Takeaways for other countries

That the European Union is considering obliging businesses to share data with the public sector through legislation provides food for thought to other countries struggling to gain access to privately-held data. Paradoxically, it would be easier to adopt similar legislative measures in countries where the rule of law is weaker and where—in the relationship between public and private stakeholders—the public sector has the upper hand. 

Because this example could lead other nations to adopt similar policies, it’s important to debate and learn from the European experience. The public consultation will be open until September, and the European Commission’s analysis of the responses and concrete policy options will follow later in the year. Nonetheless, it's not premature to identify a few takeaways and considerations of potential help to countries weighing similar decisions:

  1. Public vs. private interest trade-offs: As the notion of ‘public interest’ is the starting point for B2G regulatory initiative in Europe, its meaning will vary a lot across countries, situations and cultures. If not balanced against private interests, the concept of public interest can lead to regulations encompassing the vast majority of private-sector data. It is important for governments to draw a line between 'must have' and  'nice to have' datasets from a public interest perspective. Such definitions should include objective proportionality tests to determine whether data requests are valid. Civil society and non-governmental organizations can help governments to establish such boundaries and should be included in debates on the balance between public and private interests. 
  2. Compensation for private companies: Compensation in exchange for access to private-sector datasets is not taboo. Reality is complex: While some situations might necessitate the free provision of data (i.e. for emergency response in the context of data for development) other use cases may call for access at marginal cost or even at market price. The level of compensation depends on the relevance of the datasets to the public interest, the public sector’s available resources, the urgency of the situation and the time horizon of the data-sharing initiative. For instance, one-off data-sharing for emergency response might be appropriate on a pro bono basis, but sustainable and regular data-sharing for the production of statistics might require a cost-neutral approach for businesses.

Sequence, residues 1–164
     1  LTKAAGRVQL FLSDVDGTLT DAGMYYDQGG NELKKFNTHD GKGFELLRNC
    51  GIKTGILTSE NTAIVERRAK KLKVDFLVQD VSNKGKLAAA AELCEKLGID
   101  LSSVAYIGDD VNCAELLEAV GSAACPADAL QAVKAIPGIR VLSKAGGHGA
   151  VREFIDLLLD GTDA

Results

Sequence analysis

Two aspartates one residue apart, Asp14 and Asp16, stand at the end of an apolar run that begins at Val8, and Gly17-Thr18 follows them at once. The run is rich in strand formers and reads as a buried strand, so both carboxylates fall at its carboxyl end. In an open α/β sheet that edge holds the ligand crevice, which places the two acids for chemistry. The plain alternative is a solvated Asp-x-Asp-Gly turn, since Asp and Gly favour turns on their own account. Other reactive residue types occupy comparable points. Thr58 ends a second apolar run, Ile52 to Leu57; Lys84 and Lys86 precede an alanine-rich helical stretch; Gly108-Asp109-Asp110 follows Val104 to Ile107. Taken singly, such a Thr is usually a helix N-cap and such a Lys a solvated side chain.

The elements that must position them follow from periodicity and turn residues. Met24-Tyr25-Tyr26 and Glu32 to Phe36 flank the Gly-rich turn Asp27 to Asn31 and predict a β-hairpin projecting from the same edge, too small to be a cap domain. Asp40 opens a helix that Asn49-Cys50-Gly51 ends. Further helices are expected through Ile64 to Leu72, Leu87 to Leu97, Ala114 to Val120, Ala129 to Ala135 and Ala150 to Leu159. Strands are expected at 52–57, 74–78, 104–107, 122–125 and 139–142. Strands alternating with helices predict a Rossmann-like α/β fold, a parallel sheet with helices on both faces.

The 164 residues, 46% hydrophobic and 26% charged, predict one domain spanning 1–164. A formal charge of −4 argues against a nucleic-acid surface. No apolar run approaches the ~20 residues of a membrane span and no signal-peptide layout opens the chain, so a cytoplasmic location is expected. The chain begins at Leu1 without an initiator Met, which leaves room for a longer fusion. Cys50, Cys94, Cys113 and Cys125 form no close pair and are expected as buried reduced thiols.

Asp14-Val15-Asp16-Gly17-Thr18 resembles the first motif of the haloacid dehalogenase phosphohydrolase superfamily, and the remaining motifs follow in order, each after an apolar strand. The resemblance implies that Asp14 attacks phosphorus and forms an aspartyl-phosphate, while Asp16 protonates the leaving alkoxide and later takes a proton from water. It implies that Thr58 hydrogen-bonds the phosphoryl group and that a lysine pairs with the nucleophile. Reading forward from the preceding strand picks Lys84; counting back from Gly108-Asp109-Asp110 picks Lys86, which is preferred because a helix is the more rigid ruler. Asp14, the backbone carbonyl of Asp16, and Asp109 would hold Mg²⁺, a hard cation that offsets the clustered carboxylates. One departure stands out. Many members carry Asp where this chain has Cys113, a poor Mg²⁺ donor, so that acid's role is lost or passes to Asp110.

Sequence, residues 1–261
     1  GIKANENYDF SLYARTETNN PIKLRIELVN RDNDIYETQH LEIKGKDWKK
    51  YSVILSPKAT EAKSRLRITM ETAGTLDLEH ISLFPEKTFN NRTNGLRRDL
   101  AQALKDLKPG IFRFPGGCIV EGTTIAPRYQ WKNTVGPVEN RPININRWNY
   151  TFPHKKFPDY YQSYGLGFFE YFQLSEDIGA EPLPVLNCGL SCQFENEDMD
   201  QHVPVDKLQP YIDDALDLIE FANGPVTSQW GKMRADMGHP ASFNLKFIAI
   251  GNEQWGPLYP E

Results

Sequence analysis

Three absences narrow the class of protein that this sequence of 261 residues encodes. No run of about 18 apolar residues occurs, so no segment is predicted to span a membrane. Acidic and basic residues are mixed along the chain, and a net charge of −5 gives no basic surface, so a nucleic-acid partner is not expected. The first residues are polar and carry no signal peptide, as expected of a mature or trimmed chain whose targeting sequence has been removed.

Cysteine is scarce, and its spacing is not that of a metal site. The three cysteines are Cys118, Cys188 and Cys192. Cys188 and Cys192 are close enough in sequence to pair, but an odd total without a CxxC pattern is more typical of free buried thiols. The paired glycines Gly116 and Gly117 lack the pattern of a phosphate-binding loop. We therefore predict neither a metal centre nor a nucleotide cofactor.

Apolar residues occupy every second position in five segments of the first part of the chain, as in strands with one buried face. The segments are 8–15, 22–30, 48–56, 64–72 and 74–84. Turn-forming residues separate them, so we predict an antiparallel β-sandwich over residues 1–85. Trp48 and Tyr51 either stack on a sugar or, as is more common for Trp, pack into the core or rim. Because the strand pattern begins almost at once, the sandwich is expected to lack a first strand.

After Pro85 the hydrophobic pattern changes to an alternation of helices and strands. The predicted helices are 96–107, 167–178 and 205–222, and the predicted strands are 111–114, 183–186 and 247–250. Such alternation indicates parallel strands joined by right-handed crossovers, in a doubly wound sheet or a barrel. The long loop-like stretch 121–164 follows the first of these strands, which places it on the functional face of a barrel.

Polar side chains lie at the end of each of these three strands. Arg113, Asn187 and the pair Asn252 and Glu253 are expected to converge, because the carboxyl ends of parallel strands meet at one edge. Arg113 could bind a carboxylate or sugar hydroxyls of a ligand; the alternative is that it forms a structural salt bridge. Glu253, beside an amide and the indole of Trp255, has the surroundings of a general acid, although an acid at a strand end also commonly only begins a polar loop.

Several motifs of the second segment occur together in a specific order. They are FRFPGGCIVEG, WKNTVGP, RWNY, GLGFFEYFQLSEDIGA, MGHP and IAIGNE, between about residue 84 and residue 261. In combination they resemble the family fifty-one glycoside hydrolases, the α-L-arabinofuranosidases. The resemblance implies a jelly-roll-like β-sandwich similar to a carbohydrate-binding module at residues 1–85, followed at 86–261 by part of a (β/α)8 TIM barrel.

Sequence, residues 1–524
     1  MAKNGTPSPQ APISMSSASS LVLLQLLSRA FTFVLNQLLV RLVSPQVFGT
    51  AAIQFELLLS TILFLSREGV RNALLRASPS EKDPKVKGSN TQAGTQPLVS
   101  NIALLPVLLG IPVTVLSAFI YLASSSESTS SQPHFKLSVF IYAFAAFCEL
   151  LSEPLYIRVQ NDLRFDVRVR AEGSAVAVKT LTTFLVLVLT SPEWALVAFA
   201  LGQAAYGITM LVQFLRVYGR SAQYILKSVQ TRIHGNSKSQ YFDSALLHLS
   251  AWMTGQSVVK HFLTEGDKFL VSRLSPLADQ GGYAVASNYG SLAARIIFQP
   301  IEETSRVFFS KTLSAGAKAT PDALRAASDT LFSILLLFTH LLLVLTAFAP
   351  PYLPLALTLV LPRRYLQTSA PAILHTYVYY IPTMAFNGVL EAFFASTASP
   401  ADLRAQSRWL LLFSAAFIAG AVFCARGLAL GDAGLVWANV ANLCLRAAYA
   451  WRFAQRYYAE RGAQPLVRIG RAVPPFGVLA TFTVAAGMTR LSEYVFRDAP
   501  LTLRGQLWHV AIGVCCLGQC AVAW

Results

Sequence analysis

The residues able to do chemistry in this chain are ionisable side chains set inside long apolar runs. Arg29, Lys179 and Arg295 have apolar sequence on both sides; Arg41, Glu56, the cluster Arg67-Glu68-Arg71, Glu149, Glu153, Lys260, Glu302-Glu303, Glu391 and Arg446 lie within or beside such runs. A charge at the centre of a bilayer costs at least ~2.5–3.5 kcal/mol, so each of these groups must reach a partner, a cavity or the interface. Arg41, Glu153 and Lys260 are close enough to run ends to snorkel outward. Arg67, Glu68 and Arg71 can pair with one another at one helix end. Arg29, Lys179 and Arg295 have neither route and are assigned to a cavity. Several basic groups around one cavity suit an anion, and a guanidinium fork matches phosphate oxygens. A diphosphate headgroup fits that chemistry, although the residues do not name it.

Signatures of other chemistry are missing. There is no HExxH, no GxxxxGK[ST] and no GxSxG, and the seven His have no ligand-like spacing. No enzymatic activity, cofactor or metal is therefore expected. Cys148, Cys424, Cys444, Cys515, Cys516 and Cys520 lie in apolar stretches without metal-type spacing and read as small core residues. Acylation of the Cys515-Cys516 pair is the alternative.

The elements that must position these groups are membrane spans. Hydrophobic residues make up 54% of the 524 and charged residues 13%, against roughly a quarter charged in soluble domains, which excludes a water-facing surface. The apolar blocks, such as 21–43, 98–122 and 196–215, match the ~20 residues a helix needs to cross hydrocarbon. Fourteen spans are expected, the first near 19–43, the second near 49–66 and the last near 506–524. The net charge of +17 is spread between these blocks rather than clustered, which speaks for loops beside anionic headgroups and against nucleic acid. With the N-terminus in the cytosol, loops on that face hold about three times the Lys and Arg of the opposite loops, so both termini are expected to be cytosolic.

3. Safeguards to prevent abuse: Safeguards must ensure that the public sector does not abuse its privileges of access to business data. Such safeguards are important not only for businesses but also for citizens and consumers. People may entrust their personal mobile data to telecommunications operators, but not—as the COVID-19 crisis has shown—to the public sector for a variety of reasons. Public sector use of private data should therefore be framed as a set of rules to allow both business and private citizens to appeal and defend their interests. 

These takeaways provide initial food for thought to non-European Union countries and development practitioners working on public-private data-sharing agreements. The outcome of the public consultation and the release of the text of the Data Act will shed further light on where European legislators will land in imposing obligations on the private sector. 

A balance in Europe between public and private interests may not fit the needs of low and middle-income countries. Nonetheless, the key concepts and guiding questions posed in the European debate will foster dialogue across regions and may lead to the emergence of a new General Data Protection Regulation situation in which a number of countries follow the European Union’s lead. 

  • Martina Barbero is Policy Manager at the Global Partnership for Sustainable Development Data.